If you exceed 14 rental days annually, the income generated is subject to income tax. While homeowners can deduct mortgage interest, with the $750,000 debt limit, you can only deduct the mortgage interest up to that amount.

However, investment properties are different, as the mortgage interest is fully deductible, and the total debt limit does not apply. Furthermore, along with the mortgage interest, the IRS allows you to deduct a myriad of different expenses, such as:

  • Maintenance
  • Advertising rental availability
  • Property taxes
  • Insurance
  • Utilities
  • Supplies, labor, and materials needed to maintain the property

You can deduct any wages paid to an electrician, carpenter, plumber, etc., for the labor to make repairs. Renovation and improvements are not deductible, however, only repairing and maintenance expenses are covered. 

Conversely, you can also use depreciation to your advantage for tax purposes. As the taxpayer, you can take a deduction annually for each investment property if it depreciates. The amount of the deduction is relative to the property’s purchase price and can be used to offset income generated by the property.

Keep in mind that this deduction is not permanent. The total amount of depreciation you take against the property for tax-related purposes decreases the house’s basis. Once you sell the investment property, you might have a more significant tax gain for that year. This is referred to as depreciation recapture and has a higher tax rate than your standard, traditional long-term capital gains tax. Moreover, you also need to keep in mind that selling your investment property will also, hopefully, generate income and, therefore, be subject to income tax.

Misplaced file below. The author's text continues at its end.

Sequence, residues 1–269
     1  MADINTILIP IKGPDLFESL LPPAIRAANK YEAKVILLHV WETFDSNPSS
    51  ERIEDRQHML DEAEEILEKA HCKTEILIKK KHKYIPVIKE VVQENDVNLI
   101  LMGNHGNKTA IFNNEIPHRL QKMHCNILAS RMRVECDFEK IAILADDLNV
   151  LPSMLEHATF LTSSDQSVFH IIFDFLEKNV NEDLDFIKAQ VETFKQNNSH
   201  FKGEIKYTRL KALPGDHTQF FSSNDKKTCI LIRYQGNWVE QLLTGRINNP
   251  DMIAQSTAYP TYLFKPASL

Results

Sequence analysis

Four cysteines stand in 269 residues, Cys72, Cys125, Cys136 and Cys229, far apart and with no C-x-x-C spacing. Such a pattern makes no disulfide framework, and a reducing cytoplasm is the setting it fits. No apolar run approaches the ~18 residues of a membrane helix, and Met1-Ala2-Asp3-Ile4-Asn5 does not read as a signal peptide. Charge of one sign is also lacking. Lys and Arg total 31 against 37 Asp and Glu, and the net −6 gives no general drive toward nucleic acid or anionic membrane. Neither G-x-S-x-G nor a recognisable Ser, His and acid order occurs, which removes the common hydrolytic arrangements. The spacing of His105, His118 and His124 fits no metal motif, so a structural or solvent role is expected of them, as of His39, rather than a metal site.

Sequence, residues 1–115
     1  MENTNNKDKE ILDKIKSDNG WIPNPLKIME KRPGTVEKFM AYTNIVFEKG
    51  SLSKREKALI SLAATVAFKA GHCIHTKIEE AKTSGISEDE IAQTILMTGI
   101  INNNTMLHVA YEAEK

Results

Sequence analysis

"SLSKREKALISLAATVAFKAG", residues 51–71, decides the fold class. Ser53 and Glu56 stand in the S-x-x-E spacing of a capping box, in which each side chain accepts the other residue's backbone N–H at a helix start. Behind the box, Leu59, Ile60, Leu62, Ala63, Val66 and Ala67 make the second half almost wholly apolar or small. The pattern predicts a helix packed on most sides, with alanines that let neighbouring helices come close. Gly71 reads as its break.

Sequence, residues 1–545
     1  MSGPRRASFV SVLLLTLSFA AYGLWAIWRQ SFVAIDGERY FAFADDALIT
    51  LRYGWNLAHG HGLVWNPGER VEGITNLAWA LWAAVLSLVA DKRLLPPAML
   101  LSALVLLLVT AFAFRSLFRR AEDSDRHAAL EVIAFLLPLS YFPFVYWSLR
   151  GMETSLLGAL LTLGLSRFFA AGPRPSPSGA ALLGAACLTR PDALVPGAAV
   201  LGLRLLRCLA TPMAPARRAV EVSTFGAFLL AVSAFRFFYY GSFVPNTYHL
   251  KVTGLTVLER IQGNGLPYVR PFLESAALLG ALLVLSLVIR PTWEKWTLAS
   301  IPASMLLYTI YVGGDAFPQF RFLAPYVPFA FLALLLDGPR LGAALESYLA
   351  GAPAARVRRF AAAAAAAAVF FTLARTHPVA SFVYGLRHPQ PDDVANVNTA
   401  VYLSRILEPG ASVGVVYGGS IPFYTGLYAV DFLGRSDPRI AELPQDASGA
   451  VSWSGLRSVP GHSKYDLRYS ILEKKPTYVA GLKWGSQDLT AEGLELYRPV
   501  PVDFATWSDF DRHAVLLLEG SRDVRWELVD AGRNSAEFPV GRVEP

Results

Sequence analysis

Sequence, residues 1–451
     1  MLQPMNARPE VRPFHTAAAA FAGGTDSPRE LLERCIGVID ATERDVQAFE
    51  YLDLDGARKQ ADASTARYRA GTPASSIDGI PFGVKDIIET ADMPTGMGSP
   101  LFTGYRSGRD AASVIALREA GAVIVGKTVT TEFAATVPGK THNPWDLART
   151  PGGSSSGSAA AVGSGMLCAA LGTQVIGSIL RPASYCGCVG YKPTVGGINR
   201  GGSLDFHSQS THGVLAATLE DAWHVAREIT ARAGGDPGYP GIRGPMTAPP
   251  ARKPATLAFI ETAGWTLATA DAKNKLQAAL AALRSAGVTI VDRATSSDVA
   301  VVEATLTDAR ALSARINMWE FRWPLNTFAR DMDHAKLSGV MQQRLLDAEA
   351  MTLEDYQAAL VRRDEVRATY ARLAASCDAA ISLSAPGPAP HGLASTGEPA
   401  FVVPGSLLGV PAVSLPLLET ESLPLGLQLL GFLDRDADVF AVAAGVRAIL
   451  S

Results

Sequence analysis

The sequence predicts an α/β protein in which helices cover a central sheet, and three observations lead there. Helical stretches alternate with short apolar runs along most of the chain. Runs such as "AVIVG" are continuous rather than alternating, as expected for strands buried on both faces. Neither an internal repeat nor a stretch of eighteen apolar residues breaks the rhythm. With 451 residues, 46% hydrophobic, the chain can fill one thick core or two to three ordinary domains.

Classifying Your Property Correctly

Since down payment requirements and interest rates are more favorable for second homes versus investment properties, you may find it enticing to classify your investment property as a second home. In short, don’t do that, regardless of how alluring you may find it. When it comes to mortgages and taxation purposes, you should always clearly and accurately disclose what your property is. Often, a lender will require signed documentation stipulating what the property’s intended use is going to be.

If you’re deceptive in your classification, it’s not just an ethics violation, it’s against the law, and you could face criminal prosecution. Underwriters are trained to spot deceptive practices regarding classifying property as a second home versus an investment property. They’ll analyze the proximity of the secondary property to the primary residence to determine misrepresentation. 

For example, if the properties are only 20 minutes apart, that might raise some red flags. Even in cases where you’re legitimately using the property as a secondary residence, you may still have to classify it as an investment property if they’re too close together.

Explore Your Investment Options With Titan Funding

For information on rental property loans or fix-and-flip loans for an investment property, reach out to the experts at Titan Funding. We’d be happy to discuss funding options with you, answer any questions you may have, or set you up for a consultation. Call us at 855-929-1134 or fill out our convenient and secure online form when you’re ready to get started.

    Ready to get started?

    Simply complete and submit this short form and a Titan team member will contact you to discuss your investment needs.